At the beginning of May, John Deere announced it was making some improvements to its S Series line of combines. The brand says for 2019 model year machines customers can get an improved track suspension module as a factory-installed option, which will be available with 30- or 36-inch (76.2 or 91.4 cm) belt widths.
The new track modules see changes to the track belt tread configuration, integrated final drive, and suspension cylinder as well as tandem bogie wheels. All of which will work together to improve floatation, ride quality, transport speed and durability, according to the company’s press release.
“The new tracks have a larger contact area compared to our previous tracks, which provides significant advantages to customers,” said Matt Badding, product marketing manager for John Deere Harvest Solutions, in the announcement.
The new track tread design has wider and taller tread bars that are angled to improve traction, balance and ride comfort as well as extend tread life. And unlike previous track systems, combines equipped with the new track systems get a road travel speed of approximately 25 m.p.h. (40 km/h).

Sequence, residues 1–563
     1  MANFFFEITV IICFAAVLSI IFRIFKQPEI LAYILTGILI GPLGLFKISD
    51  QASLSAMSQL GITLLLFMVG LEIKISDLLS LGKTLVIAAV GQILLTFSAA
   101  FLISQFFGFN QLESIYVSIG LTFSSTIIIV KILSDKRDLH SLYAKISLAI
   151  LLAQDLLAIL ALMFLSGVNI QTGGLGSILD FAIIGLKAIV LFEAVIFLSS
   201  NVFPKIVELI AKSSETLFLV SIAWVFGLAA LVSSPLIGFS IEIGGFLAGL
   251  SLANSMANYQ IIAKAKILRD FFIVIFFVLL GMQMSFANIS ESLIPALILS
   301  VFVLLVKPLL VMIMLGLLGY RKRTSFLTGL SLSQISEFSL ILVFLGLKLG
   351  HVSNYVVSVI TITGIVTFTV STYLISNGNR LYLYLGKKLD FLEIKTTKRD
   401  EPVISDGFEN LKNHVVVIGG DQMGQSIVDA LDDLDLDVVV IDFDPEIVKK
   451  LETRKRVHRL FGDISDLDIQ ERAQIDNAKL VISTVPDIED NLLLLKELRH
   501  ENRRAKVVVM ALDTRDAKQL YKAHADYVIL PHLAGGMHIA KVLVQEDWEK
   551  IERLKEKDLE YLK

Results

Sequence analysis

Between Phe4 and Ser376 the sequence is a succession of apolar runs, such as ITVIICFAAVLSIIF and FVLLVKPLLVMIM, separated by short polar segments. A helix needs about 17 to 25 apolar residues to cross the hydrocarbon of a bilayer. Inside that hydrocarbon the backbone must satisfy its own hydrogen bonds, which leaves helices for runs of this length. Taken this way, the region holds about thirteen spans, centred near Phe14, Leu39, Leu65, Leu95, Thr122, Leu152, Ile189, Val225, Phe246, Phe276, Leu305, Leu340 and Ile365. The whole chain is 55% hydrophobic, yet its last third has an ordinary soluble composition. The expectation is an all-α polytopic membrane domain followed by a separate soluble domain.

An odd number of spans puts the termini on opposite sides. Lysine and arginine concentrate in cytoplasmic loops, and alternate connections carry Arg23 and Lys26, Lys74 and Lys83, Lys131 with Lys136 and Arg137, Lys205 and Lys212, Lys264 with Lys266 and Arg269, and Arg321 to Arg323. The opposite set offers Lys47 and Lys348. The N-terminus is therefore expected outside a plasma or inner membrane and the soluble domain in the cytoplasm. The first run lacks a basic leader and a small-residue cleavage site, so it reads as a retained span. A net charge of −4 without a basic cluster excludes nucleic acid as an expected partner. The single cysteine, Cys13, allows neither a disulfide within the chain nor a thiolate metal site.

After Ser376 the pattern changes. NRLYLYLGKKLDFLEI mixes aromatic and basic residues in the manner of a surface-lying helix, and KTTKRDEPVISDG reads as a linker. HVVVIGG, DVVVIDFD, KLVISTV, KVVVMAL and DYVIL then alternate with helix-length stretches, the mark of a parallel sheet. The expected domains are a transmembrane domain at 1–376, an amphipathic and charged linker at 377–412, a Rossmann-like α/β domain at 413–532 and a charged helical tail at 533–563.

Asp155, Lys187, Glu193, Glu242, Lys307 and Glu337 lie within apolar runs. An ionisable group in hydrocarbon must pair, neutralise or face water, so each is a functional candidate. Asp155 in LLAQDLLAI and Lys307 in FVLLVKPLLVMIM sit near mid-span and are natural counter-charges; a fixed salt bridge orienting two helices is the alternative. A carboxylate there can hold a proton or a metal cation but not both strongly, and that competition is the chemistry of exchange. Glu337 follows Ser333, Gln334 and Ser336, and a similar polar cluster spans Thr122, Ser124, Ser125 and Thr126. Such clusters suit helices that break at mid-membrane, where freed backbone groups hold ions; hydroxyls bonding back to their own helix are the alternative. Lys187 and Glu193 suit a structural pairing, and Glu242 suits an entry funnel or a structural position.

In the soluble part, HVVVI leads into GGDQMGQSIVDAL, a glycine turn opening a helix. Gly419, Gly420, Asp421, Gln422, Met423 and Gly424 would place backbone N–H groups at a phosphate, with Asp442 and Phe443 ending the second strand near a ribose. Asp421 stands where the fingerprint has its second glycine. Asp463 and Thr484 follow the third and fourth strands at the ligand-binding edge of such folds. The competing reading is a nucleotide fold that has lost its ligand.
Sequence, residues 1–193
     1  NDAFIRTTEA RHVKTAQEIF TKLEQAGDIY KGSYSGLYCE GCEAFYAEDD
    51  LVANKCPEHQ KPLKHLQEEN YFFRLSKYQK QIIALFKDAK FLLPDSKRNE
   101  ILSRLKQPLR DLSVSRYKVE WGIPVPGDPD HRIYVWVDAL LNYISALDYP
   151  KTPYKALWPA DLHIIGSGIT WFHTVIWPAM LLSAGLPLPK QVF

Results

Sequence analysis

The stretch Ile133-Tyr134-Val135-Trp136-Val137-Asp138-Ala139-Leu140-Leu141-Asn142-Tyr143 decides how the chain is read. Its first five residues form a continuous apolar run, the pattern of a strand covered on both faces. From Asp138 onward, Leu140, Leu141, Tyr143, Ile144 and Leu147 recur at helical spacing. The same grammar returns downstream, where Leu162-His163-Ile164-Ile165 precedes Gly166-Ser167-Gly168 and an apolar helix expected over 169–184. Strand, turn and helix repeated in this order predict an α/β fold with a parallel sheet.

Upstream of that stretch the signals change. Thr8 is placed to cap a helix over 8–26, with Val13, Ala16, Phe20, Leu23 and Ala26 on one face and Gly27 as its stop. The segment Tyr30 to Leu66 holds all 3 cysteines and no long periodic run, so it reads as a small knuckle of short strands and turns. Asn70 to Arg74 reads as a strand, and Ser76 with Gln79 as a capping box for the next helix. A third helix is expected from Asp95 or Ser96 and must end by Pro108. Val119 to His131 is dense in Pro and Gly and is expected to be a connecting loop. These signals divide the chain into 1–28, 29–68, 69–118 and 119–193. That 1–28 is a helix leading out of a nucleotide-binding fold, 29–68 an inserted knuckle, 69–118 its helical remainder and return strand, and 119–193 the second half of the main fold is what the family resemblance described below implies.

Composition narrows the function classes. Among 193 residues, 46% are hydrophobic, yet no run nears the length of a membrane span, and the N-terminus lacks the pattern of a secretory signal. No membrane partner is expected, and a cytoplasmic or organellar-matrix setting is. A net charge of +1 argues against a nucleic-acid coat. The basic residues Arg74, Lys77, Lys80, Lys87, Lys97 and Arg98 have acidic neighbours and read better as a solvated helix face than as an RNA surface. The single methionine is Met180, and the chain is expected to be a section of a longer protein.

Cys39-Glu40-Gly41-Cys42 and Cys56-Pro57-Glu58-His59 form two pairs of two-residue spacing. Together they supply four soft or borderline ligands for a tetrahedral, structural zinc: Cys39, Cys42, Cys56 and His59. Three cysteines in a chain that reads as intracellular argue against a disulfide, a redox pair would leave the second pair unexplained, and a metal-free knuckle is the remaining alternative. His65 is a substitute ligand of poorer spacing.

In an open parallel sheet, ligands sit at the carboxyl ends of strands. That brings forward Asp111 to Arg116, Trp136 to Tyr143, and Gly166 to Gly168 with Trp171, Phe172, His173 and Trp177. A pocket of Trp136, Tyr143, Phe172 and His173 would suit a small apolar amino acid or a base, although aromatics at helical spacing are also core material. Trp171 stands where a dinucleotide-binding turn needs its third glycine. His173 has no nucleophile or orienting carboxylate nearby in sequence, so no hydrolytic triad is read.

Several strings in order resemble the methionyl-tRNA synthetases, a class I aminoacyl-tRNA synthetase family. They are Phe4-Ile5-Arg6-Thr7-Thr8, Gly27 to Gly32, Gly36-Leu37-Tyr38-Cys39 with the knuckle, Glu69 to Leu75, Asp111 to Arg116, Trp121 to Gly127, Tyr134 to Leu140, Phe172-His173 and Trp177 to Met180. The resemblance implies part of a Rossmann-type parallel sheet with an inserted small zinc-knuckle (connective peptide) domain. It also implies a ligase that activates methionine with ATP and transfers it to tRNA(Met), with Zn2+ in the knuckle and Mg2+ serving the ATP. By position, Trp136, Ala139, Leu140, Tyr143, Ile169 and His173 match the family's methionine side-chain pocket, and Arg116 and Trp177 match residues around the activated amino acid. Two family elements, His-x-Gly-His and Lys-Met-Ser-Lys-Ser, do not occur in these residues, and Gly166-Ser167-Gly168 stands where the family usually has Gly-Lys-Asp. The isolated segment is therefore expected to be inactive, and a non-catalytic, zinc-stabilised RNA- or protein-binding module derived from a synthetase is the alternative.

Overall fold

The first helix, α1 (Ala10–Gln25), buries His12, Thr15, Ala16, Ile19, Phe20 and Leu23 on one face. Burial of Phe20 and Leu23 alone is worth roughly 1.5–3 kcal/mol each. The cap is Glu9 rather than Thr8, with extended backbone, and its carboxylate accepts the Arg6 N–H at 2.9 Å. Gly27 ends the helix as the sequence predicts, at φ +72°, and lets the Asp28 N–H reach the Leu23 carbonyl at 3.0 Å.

Up front, S Series buyers now have another header choice with the introduction of the latest in Deere’s line of flex Draper headers, the 700FD HydraFlex. It features a symmetrical design with a dual V-guide belt and thicker, corrugated front edge for improved crop flow and four times longer belt life; there is also a dual position (16- and 18-inch) (40.6 and 45.7 cm) center-feed drum for better harvesting versatility and better processing of bushy crops like canola. An 18-inch (45.7 cm) top crop auger improves feeding and should help reduce the number slugs the combine has to choke down during tough conditions.
“To improve ground sensing on uneven terrain and to automatically adjust header position accordingly, we’ve added a fourth sensor to the automatic header height control option on our 35-, 40- and 45-foot (10.67, 12.19 and 13.71 m) models,” Badding added.
Lastly, Deere has built more features into its MyOperations app. It will now allow farm managers to monitor combine operations and adjust settings, such as concave clearance, rotor, fan speed and chaffer and sieve clearance, remotely. With the ability of mangers to better keep an eye on machines operated by inexperienced employees, it should help them do a better job.
“From their mobile device, customers can make changes to different settings as crop and harvesting conditions change throughout the day, then the operator simply accepts the changes on the in-cab display,” Badding said.